By 1910, gold recovery increased in interest, but The Sun reported that the layers containing the gold could be elusive and “unevenly distributed,” to the degree that profits had not lived up to expectations. “The value of the output of gold in Maryland is very variable,” the newspaper reported, adding, “It has reached as much as $25,000 annually, while in other years none has been produced.”

Most of the gold mines at this point in time, The Sun reported, were located “near the southern edge of Montgomery County near the Great Falls of the Potomac.”

By the 1930s, the quest for gold continued to decline in productivity.  The Sun reported on August 4, 1935, “The annual production of gold in Maryland has been $71,583, virtually all of which was produced prior to 1906.”

By 1935, gold finds were reported all the way into Frederick County near Frederick City and in Braddock Heights. Six gold mines (actually, multi-commodity mines, of which one commodity included gold) were established in Frederick County. All told, gold was eventually reported in half a dozen Maryland counties.  However, many of these reported finds did not result in the development of mines. 

By 1940—when the last commercial gold mining company ceased operation—more than 45 gold mines had been dug in Maryland. In the course of less than 100 years, the total gold production of all the mines combined amounted to some 5,000 ounces. On today’s market, that would only have amounted to about $1,000,000.

The Sun, in 1935, almost forecasted the causations of the end of commercial gold mining operations in the state when it reported that the gold production business had sustained increasing costs of recovery, the result of the spotty occurrence of the gold and the hardness of the host rocks, which increased wear-and-tear on the equipment.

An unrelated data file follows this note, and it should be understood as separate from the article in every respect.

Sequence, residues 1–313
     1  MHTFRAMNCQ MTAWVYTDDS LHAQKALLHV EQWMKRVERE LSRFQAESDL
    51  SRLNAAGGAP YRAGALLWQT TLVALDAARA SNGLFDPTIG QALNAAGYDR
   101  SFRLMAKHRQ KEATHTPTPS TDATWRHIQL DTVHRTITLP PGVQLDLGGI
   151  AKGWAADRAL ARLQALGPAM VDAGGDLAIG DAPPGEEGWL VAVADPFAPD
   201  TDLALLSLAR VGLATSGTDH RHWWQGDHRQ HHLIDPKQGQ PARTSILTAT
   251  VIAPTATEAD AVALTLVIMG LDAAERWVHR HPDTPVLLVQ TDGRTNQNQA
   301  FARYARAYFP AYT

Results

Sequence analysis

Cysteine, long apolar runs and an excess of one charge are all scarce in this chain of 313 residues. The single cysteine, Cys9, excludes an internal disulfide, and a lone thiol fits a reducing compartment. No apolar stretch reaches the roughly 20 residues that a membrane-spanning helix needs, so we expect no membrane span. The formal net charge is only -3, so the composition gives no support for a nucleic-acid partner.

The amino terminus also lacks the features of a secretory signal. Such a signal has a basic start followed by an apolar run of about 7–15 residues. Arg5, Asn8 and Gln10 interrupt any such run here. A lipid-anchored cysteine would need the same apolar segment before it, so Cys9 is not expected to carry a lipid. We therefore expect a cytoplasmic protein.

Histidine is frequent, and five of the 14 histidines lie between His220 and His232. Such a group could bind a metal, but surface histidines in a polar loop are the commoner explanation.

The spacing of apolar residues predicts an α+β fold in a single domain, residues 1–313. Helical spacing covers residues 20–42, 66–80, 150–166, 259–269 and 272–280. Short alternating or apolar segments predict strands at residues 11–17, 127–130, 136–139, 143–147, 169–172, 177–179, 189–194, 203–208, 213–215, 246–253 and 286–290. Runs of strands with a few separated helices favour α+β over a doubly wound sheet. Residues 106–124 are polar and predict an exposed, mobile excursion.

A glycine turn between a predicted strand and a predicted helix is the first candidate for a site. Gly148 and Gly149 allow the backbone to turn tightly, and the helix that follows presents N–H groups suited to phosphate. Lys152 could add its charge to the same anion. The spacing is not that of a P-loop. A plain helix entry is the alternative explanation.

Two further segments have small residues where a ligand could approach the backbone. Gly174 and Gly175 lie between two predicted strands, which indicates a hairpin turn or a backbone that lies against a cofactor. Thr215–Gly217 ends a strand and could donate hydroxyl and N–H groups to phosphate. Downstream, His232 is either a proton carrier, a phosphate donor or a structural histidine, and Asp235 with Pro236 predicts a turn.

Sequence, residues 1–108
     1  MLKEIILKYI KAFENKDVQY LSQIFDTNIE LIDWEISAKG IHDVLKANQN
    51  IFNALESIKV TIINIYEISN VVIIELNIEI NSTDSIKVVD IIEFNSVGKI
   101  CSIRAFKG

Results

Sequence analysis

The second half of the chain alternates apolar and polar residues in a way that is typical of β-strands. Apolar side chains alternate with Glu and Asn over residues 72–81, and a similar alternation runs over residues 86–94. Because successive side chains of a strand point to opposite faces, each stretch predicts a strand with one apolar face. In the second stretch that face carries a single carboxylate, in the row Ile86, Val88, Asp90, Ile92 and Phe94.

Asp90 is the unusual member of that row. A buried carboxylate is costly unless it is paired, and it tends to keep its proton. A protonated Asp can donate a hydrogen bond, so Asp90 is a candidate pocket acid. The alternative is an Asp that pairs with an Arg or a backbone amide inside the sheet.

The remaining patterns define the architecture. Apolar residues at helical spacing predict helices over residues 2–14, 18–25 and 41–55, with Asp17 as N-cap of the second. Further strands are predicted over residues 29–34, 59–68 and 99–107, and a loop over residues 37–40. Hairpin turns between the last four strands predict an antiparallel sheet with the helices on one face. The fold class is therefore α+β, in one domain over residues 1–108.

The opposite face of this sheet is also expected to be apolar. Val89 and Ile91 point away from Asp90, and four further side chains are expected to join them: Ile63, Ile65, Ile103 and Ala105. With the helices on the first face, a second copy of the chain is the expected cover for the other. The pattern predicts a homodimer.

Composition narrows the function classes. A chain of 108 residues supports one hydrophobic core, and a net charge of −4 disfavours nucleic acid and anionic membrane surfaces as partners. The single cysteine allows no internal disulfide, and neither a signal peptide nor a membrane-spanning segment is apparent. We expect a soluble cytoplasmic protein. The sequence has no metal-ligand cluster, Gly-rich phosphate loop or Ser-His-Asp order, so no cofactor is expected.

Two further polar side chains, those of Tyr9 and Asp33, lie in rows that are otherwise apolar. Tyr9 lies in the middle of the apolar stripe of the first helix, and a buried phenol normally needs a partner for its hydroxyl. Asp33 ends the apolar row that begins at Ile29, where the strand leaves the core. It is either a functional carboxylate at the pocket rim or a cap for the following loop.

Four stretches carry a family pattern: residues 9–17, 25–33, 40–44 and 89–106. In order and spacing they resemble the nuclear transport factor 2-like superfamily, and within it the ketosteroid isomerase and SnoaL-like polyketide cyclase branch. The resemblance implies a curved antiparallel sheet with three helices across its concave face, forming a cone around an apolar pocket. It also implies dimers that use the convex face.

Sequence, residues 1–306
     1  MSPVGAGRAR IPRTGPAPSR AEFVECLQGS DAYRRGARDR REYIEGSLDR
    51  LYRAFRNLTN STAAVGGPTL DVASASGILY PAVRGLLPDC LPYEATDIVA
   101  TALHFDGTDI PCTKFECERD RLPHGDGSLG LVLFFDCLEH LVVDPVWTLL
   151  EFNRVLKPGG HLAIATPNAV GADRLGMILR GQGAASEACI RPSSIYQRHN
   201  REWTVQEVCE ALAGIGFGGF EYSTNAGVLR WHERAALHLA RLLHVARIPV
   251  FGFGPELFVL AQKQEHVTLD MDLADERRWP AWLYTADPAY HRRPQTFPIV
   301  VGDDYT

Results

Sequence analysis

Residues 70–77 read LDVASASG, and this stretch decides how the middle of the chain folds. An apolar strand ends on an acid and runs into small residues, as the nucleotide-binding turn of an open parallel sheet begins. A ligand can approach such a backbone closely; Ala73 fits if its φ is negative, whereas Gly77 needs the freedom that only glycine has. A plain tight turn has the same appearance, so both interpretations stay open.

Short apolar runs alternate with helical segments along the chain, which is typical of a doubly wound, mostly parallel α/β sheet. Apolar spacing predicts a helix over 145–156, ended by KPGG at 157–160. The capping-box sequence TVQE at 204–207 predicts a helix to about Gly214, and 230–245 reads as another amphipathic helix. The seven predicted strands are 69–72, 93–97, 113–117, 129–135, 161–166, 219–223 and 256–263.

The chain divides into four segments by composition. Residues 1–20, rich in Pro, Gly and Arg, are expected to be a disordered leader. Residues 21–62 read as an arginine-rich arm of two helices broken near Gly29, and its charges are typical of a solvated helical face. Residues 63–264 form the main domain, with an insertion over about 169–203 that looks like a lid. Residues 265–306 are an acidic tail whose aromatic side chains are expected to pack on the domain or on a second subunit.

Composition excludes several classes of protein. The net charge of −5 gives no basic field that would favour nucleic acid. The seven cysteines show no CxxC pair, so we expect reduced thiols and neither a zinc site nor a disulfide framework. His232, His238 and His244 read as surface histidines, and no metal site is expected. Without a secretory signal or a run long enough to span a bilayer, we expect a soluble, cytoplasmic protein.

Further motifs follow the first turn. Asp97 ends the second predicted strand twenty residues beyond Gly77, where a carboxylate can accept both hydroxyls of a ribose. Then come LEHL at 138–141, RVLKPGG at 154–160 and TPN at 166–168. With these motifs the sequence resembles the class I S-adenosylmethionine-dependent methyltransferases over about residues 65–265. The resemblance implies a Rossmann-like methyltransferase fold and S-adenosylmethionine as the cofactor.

So where did the gold come from? According to the United States Geological Survey, mined gold in Maryland came from the Wissahickon Formation, basically layers of 750-million-year-old schists, gneisses, metagraywackes, and metaconglomerates (for the uninitiated, these are [metamorphic] rocks that were formed from other types of rocks as the result of re-crystallization from excessive heat and pressure exerted [normally] as a by-product of continental collisions).

In these “reformed” rocks, gold tends to occur in veins, usually in quartz veins, which was injected into the various altered rocks when the quartz was still in liquid form.

Free gold (obtained by other means, such as “panning” for gold) occurs as grains, flakes, or nuggets.  Most frequently, they are encountered in rivers or streams, where they eroded out of gold veins or from mine tailings (debris from former gold mines).

Basic equipment needed for panning for gold would be a pan; it can even be plastic. Steel is not recommended because it can rust.  A small plastic see-through vial or bottle will also be needed to keep any gold or suspected gold in as one finds it. Other equipment one might need includes a shovel, pick, trowel, bucket, screen, and suction tweezers.  Panning kits are also available online, which would include almost all of the essential tools.

Next, you would need a geological map in order to locate where any metamorphic rocks are located.

For those possibly interested in searching for gold in Maryland, according to the Maryland Geological Survey (Gold in Maryland, by Karen R. Kuff, 1987), Maryland has strict property rights laws, and panning and prospecting must be done with permission from the property owner.

Collecting of rocks is prohibited on state- and federal-owned lands unless permission is obtained from the appropriate agencies.

For additional information on panning for gold, recommended is the Maryland Geological Survey website at

Ruins of Maryland’s abandoned gold mine.

Large multi-inch vein gold from Maryland mine.